- Summative Assessments. Use summative assessments for a larger overview of your instruction. Did most of the students pass or fail the exam/test/quiz/project? If so, to what degree? Asking these questions allow you to think about teaching and learning activities used during your instruction.
- Analyze student behavior. Student behavior can serve as an indicator of your instructional effectiveness. While student behavior is influenced influenced by classroom management, it can also be influenced by the level of engagement during instruction. During your instruction, are students engaged? If they are not, then what might you be doing to disengage students? What type of engagement strategies do you utilize?
In order to gain a better perspective on instruction, it may benefit a teacher to ask a peer, mentor, or supervisor to evaluate their instruction. The benefit of this feedback is that the individual may observe behaviors that you do not notice.
Tips for Utilizing Peer Observers for Feedback (Angelo & Cross, 1993)
- Ask people who you trust. It is important that you feel comfortable with the observer, since being observed while teaching can be an uncomfortable process. It is important not to get upset with the observer's feedback, especially when you ask to be observed. The observer will usually only have the in-class observation as the basis to evaluate your instruction, so they might not understand how you manage your classroom.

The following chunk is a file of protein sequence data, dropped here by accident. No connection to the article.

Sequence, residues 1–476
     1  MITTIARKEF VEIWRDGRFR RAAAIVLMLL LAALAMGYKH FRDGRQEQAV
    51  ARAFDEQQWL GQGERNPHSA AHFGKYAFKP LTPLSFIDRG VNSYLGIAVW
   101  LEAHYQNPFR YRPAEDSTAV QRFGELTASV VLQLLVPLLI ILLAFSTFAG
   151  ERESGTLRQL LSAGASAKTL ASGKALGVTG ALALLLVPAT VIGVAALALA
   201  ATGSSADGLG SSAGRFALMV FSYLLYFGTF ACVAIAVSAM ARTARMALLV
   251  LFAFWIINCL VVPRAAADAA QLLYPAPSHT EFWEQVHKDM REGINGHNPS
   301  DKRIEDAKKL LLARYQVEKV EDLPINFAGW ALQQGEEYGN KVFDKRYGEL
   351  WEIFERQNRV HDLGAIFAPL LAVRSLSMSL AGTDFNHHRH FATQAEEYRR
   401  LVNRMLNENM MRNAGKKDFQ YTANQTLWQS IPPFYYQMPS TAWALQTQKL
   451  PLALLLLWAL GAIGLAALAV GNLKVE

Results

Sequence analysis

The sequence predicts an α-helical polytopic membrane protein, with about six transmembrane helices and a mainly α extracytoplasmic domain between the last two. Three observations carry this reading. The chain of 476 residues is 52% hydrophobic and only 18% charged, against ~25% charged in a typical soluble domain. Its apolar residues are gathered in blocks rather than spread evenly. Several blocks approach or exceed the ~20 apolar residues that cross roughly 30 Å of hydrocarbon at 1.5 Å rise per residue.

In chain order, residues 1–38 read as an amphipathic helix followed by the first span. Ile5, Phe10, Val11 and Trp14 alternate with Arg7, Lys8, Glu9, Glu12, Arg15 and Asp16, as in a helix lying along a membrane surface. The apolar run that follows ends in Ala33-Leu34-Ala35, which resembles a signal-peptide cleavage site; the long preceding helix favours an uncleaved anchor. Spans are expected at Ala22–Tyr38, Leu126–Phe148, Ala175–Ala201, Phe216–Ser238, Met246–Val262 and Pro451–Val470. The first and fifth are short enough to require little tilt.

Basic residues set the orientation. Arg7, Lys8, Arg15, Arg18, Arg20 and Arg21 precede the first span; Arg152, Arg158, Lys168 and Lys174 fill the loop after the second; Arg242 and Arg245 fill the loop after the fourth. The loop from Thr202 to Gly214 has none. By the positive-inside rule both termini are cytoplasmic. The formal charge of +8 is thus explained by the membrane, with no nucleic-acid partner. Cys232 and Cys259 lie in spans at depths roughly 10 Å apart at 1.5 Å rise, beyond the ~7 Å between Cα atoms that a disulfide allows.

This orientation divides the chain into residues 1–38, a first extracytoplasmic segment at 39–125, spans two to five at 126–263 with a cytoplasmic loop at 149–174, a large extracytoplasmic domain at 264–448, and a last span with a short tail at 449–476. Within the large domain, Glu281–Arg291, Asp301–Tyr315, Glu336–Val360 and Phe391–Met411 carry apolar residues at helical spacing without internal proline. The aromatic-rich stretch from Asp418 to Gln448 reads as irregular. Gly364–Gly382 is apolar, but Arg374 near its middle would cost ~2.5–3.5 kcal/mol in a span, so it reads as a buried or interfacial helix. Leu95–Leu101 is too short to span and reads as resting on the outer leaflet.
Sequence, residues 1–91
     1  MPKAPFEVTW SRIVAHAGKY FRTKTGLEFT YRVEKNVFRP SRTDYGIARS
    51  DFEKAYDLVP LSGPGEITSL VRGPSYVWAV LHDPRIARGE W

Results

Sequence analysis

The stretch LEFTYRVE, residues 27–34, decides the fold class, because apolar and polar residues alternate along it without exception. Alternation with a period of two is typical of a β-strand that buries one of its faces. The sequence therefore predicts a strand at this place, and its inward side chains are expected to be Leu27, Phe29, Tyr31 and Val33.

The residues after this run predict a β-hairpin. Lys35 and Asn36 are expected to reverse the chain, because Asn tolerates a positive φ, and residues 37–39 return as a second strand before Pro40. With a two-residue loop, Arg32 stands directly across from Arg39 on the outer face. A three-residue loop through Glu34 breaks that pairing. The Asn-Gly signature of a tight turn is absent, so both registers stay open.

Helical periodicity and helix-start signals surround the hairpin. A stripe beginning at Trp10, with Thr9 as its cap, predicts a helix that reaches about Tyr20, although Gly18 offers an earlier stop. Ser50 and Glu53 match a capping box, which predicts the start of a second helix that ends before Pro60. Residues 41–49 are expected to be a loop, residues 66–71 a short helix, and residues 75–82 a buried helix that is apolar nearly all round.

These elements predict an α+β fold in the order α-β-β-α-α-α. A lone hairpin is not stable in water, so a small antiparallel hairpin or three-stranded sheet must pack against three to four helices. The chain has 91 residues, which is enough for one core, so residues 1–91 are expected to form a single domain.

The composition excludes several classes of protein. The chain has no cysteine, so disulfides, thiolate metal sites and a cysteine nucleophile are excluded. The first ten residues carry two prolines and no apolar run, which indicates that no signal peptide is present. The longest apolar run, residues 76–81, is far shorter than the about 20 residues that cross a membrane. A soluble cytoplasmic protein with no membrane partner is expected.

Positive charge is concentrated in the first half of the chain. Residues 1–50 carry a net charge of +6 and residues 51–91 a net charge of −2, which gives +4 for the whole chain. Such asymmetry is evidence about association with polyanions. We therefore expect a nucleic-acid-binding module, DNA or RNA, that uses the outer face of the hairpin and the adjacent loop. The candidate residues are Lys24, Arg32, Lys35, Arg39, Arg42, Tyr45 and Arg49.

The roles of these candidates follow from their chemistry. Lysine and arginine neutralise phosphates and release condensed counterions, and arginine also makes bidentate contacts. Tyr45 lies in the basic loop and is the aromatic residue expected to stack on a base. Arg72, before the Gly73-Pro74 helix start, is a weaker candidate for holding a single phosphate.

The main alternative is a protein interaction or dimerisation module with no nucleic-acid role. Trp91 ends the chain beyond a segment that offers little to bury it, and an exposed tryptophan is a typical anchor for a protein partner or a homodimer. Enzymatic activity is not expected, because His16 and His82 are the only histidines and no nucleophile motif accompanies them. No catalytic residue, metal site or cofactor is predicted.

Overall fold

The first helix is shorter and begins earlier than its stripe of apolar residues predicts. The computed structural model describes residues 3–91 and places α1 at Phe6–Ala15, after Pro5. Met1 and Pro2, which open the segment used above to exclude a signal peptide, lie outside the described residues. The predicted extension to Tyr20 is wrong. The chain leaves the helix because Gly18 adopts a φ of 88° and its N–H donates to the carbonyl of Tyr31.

- Identify an area of instruction for the observer to focus on. Working under the assumption that you have a goal for evaluating your instruction, it is important to give the observer some instructional elements to focus on. Do you want the observer to focus on student interaction, or the alignment of your instruction to the curriculum standards? The failure to give directions to the observer will result in feedback that does not align to your goals.